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Thu Mar 3, 2016, 10:37 PM

Why black voters vote the way they do? (and advice on how to win them)

I am publishing this new Daily Kos post by my friend, dopper0189, in GD as opposed to GDP because it is really not intended to be a "rox/sux" type of post but is an effort in education about how and why black voters vote the way they do.

I will post two excerpts from this very, very long, detailed, and comprehensive piece which, perhaps, communicates things a little better than I ever did.

Peace!

http://www.dailykos.com/stories/2016/3/3/1492931/-Why-black-voters-vote-the-way-they-do-and-advice-on-how-to-win-them#

Why black voters vote the way they do? (and advice on how to win them)

Iíve been a member of Daily Kos for many years, and over the years Iíve generally stayed away from meta wars. That is I avoid them, until I think the fights are reaching a point where theyíre damaging to this site, the party, or the progressive movement. In this case I see two sides arguing, with little attempt to find common ground. Because the argument is now over black voting patterns, I think I have a lot to add.

Before I begin let me give some of you who donít know me some background. Iíve done GOTV (Get Out The Vote) work for over 20 years, with a focus on minority voters. Iíve done GOTV focused on black voters in; largely black areas (Detroit, Flint), in mixed areas (largely Massachusetts and phone banked in Connecticut) as well as largely white areas (New Hampshire). Over the years Iíve worked both a number of primaries and general elections. Just to be clear by GOTV, I mean Iíve done door knocking, drive to the poll, cold calls, etc. That means Iíve had to deal with convincing people face to face to vote for a candidate. Iím not saying I know everything, but Iíve had to do more than convince true believers to vote. Iíve had to work with both the indifferent and the hostile.


Now, of course issues like healthcare, the economy, war and peace, and taxes play as big a role in the black community as it does in America at large. This discussion is more a list of the special voting considerations. But I feel there is a basic HUGE misunderstanding of the black vote on places like Daily Kos. But Iíll give a few key points.

1) MOST BLACKS DONíT LIVE IN POVERTY.

Repeat that to yourselves several times a day if youíre doing GOTV. The black poverty rate is ~27% compared to the white rate of ~11%. So yes because the black poverty rate is high, black voters tend to care a lot about poverty alievement. But that also means 73% of black voters DONíT live in poverty, the ghetto, or whatever other term is casually thrown around. If you assume most black voters live in poverty, youíll very much insult your target audience. The plurality of black people around 42% are working class, and more blackís, ~30% are middle class than poor.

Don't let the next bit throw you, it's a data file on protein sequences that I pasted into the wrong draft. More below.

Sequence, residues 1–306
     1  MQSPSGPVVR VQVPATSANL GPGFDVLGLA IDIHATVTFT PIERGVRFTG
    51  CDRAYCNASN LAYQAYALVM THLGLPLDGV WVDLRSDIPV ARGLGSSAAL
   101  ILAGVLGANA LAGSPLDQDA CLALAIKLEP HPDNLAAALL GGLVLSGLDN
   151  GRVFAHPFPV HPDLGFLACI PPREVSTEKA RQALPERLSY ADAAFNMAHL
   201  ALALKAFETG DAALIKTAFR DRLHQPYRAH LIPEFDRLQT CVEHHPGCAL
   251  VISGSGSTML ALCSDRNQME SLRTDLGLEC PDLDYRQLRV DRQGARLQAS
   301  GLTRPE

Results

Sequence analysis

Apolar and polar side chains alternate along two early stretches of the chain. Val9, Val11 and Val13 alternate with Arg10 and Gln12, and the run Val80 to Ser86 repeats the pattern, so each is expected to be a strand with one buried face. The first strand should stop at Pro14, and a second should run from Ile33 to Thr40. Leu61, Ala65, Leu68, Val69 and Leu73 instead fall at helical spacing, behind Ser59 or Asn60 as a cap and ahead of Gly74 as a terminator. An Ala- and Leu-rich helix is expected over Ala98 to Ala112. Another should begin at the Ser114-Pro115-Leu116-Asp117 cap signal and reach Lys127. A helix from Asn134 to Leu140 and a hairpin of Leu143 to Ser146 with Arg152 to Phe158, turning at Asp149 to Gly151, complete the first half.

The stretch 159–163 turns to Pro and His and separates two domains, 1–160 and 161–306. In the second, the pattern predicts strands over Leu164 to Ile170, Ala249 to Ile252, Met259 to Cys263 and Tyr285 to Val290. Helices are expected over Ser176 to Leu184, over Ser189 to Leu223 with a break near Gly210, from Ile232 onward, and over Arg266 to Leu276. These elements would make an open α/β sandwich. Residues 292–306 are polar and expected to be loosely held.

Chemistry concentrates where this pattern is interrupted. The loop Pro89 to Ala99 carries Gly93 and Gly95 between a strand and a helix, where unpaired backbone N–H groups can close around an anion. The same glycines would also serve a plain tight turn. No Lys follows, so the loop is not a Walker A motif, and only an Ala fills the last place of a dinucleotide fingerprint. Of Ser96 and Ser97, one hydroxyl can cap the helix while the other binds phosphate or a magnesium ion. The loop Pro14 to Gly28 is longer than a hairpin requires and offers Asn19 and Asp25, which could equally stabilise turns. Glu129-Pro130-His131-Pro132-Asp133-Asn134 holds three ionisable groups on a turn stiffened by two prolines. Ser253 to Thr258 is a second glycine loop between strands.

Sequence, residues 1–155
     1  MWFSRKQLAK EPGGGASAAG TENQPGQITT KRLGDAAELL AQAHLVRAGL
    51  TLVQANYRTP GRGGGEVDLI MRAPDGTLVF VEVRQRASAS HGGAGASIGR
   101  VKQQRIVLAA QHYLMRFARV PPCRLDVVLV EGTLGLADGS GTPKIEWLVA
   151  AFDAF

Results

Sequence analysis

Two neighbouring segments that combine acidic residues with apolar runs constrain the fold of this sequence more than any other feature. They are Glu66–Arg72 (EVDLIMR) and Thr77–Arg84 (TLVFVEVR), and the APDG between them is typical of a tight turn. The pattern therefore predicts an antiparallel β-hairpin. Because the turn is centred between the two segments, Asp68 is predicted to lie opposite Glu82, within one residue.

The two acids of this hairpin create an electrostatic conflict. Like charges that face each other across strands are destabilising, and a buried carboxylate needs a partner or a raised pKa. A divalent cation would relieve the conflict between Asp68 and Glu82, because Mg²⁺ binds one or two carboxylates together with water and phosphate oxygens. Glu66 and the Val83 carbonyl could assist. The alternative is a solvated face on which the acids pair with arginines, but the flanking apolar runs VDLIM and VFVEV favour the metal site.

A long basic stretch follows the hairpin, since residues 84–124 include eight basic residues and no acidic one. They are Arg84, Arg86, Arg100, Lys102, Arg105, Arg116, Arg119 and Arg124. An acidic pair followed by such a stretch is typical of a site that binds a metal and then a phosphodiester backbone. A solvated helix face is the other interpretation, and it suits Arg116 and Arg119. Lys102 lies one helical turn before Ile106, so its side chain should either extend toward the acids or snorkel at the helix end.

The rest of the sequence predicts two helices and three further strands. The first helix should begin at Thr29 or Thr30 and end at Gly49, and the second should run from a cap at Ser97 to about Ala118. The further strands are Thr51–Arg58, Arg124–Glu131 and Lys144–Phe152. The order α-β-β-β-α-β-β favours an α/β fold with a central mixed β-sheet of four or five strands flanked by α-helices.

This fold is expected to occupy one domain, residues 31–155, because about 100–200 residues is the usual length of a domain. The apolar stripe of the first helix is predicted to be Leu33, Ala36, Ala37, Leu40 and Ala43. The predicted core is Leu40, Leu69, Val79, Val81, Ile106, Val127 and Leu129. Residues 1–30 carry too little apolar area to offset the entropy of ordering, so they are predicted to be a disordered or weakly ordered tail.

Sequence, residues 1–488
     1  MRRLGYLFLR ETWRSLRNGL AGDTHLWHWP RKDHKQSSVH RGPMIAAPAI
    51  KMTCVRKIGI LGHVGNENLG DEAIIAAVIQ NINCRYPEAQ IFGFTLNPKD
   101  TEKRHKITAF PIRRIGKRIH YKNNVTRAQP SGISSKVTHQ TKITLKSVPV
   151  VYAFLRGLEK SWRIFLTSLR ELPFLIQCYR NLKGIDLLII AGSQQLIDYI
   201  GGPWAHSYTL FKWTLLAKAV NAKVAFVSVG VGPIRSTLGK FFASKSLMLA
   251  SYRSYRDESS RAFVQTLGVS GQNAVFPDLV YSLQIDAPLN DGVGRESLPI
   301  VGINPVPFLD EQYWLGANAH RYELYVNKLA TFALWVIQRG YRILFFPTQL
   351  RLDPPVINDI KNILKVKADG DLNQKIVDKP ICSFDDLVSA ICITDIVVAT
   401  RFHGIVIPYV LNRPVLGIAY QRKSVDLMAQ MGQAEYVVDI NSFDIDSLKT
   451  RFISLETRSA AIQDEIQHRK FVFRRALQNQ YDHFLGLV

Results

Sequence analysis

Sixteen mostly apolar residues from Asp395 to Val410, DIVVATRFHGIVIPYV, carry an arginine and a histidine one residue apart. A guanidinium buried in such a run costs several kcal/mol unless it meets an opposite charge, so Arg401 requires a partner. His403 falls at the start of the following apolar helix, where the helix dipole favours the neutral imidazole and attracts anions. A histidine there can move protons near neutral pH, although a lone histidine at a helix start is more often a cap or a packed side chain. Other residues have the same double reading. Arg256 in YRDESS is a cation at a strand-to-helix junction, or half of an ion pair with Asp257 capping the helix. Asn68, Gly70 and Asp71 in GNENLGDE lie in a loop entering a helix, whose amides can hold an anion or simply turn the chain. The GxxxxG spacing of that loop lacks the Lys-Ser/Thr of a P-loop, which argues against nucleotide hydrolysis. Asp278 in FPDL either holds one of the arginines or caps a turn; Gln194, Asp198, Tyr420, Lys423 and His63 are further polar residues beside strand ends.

As of the 2010 Census, black households had a median income of $32,068. 15.2% of black households earn an income between earn between $50,000 and $75,000, 7.6% earn between $75,000 and $100,000, and 9.4% earn more than $100,000. In other words in 2010 (still in the heart of the recession) 32% of black households made $50,000 or more annually. As of 2010, the poverty rate among African Americans was 27.4%. In other words more blacks are middle class than poor.

Far too many discussion begin with the assumption that black voters are overwhelmingly poor. Yes there is a much larger wealth gap than there is an income gap, but most blacks arenít poor. Further more since voting rates strongly correlates with education and income it stands to reason black voters are generally even wealthier than the statistics I listed above.

2) POOR BLACK PEOPLE AND MIDDLE CLASS PEOPLE ARE FRUSTRATED BY POLICE MISCONDUCT FOR DIFFERENT REASONS.

Poor black people living in segregated areas feel like they are being kept in an open jail by police heavy handed patrols. Middle/working class folks feel they have done the ďright thingĒ stayed out of trouble, working, got educated and still are being harassed. The two issues may seem to outsiders to be the same, but they arenít.

Think of the difference between Ferguson and Professor Henry Louis Gates. The anger generated from both was about racism, but the origins of the anger actually come from two different places. One is a battle to stop police from terrorizing an entire community, one is a battle for police to respect individuals who have earned their way into the middle class.

3) BY AND LARGE BLACK AND WHITES VIEW ďBEING A RACISTĒ VASTLY DIFFERENTLY

In general most blacks view people racism as being on a gradient. On one end you have the KKK on the other you have a Saint, but realistically most people fall somewhere in between. Racism isnít pregnancy, where you either pregnant or youíre not. So statements like I donít have a ďracist bone in my body,Ē just doesnít mean much. Everyone has or said something racist in their life (yeah that includes black people). Also we recognize that people can have been more racist in the past, but are less racist now.

White people are for more likely to try and make statements like ďIím not a racistĒ. Black people generally just donít view racism as a binary condition. Granted this is a generalization, but itís a good rule of thumb.

4) BLACK DEMOCRATIC VOTERS VALUE A NUMBER OF LONG TERM RELATIONSHIPS.

There is a historical feeling that many white Democrats have always just shown up at the black churches 2 weeks before the election and then arenít seen again. There are also long standing bitter feelings that white Democrats havenít helped black Democrats with fundraising to the level that would help them become viable statewide candidates. This is particularly a major issue with the black political establishment, and this feeling trickles down. Wrapped up in this is a feeling of a lack of respect. So telling black voters some variation of ďif you knew what is good for you, you would support candidate XĒ usually turns black voters off. This especially true if black voters feel the person saying this hasnít been invested long term in the black community. There is almost invariably a backlash of ďwho are you?Ē ďJust showing upĒ and ďpreachingĒ. When you have not bothered to build relationship to the community you get ignored with the quickness.